I could be wrong -- maybe this has been around forever and I just haven't noticed it -- but the hottest new coaching phrase of the season seems to be some variation of the following: "I don't play politics."
Every time a bubble team gets a big win the coach of that bubble team is asked to assess his team's tourney chances in the wake of the victory. Coaches have always responded to this question with an artful dodge, but the new hotness appears to be an active assertion of the coach's own unwillingness to campaign on behalf of his team. It's a little like politicians who pretend to hate politics: Of course a coach knows exactly where his team stands on the bubble. His job is on the line, after all. But nobody wants to be that guy, because nobody likes that guy.
(Unless, of course, that guy is Tim Floyd, who is basically a huge clown. But that's a story for another time.)
Minnesota's Tubby Smith is among this group, in so far as he isn't playing politics. But Smith isn't dodging the bubble questions, either. Instead, after Minnesota's home loss to Michigan on Saturday, Smith went with honesty. In other words, he thinks his team is done. From the St. Paul Pioneer-Press:
"This is probably a game that probably does it in for us," the Gophers coach said, referring to what he told his players about their NCAA tournament hopes after a disappointing loss in front of a stunned sellout crowd of 14,625 at Williams Arena. [...] He summed his frustration up with, "This is bizarre."
"It was basically the same script of how we played in the last game," Smith said. "We don't get the stops. We don't get the rebounds. We don't have anyone scoring inside."
Of course, Smith's probably right. Without starting point guard Al Nolen, Minnesota has lost seven of its past eight games. The Gophers are now 17-11 overall and 6-10 in the Big Ten. Their RPI is a lackluster No. 60. And the wins that made them a tourney favorite for much of the season -- season-opening wins against North Carolina and West Virginia in Puerto Rico -- seem like they came years ago.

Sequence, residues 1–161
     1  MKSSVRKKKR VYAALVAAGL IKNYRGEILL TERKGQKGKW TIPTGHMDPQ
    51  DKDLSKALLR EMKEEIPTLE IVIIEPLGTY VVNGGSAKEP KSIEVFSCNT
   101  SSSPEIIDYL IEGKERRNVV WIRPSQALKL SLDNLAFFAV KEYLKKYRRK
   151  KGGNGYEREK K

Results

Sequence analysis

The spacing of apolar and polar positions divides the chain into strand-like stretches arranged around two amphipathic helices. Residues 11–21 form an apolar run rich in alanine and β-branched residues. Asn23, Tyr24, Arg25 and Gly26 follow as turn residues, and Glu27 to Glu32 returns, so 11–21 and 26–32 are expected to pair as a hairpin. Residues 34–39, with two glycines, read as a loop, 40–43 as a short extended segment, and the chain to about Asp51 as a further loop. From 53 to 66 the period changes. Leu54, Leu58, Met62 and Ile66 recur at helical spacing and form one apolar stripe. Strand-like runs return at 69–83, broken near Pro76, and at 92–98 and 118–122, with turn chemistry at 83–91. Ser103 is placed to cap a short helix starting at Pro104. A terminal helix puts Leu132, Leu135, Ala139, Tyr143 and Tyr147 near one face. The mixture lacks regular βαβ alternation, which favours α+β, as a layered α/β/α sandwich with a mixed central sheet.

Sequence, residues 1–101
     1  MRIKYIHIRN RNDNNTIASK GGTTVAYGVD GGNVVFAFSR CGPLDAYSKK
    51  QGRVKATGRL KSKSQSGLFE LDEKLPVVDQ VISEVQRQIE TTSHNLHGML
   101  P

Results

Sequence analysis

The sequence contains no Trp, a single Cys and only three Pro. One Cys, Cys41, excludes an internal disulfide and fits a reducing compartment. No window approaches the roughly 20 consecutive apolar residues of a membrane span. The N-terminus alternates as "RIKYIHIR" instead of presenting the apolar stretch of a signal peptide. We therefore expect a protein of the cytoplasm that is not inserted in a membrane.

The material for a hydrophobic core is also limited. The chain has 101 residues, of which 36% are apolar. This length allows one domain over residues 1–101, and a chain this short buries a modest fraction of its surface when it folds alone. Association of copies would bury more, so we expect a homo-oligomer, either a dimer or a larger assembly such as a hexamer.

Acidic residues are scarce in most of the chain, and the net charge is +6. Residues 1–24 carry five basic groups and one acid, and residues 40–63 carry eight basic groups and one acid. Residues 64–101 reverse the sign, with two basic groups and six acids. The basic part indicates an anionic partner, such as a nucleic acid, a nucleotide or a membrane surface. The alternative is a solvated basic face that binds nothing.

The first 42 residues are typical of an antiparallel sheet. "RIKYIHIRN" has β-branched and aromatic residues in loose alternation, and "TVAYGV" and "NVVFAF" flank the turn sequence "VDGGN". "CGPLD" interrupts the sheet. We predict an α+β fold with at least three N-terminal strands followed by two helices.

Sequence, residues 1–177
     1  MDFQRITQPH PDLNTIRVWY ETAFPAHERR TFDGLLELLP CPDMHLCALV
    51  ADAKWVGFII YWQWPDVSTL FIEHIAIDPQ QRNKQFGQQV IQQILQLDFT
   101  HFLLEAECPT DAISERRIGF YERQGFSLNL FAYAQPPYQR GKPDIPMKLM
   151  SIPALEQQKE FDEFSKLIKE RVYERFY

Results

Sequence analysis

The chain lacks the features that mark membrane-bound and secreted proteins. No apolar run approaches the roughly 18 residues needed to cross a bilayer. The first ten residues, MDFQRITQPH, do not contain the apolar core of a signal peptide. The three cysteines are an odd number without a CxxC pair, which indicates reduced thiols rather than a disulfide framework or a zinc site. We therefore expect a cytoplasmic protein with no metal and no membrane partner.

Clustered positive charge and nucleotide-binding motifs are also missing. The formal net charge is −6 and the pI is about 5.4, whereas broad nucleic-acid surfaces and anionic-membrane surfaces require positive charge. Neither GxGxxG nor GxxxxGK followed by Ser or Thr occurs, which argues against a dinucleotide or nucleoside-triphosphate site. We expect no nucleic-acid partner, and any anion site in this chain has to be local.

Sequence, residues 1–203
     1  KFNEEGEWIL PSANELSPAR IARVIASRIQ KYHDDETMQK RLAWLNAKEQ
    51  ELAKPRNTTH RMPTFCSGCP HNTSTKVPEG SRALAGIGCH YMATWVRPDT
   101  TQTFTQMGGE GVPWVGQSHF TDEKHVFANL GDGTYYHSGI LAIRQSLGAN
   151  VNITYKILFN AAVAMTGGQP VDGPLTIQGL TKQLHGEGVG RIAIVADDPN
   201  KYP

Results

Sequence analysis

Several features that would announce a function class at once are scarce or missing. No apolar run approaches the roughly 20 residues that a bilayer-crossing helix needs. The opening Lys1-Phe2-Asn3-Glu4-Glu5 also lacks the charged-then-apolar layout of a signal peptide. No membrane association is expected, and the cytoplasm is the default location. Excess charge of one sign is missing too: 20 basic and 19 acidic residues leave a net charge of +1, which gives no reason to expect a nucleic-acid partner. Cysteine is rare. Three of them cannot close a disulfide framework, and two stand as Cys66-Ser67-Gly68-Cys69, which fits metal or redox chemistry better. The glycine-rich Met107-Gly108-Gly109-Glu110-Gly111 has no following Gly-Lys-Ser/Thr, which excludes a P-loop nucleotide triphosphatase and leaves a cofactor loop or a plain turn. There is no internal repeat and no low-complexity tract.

Still, it's unusual to hear a coach even broach the subject of his team's tournament chances. It's downright, well, bizarre to hear a coach tell his team -- and then the media -- that its season is essentially over.
Smith is clearly frustrated, and with good reason; 2010-11 is the second-straight promising Gophers season derailed by injuries and personnel woes, from Nolen to starting guard Devoe Joseph, who surprised Minnesota with a midseason transfer in January. But do his quotes say something larger about his desire to leave Minneapolis this offseason? There are always rumblings around Smith -- he was one of many candidates rumored to be in the picture at Oregon last summer -- and the impending job openings at Georgia Tech and NC State would seem tailor-made for him if he decided to leave.
What's more, no less reliable a source than our own Doug Gottlieb is already hearing the rumor-mill murmurs about Smith's potential departure:
The hottest chatter in coaching news is the speculation that Tubby Smith will be on the move this offseason. Three different head coaches told me the coaching fraternity is abuzz over whether Georgia Tech will buy out Paul Hewitt (reportedly in excess of $5 million dollars) and land Smith.
We have plenty of time to await that news. In the meantime, one thing is clear: Smith isn't happy. The extent of that unhappiness -- whether it's reserved to this year's team, or involves his program and situation at large -- will be one of the more intriguing stories in what should be an otherwise quiet rumor mill this spring.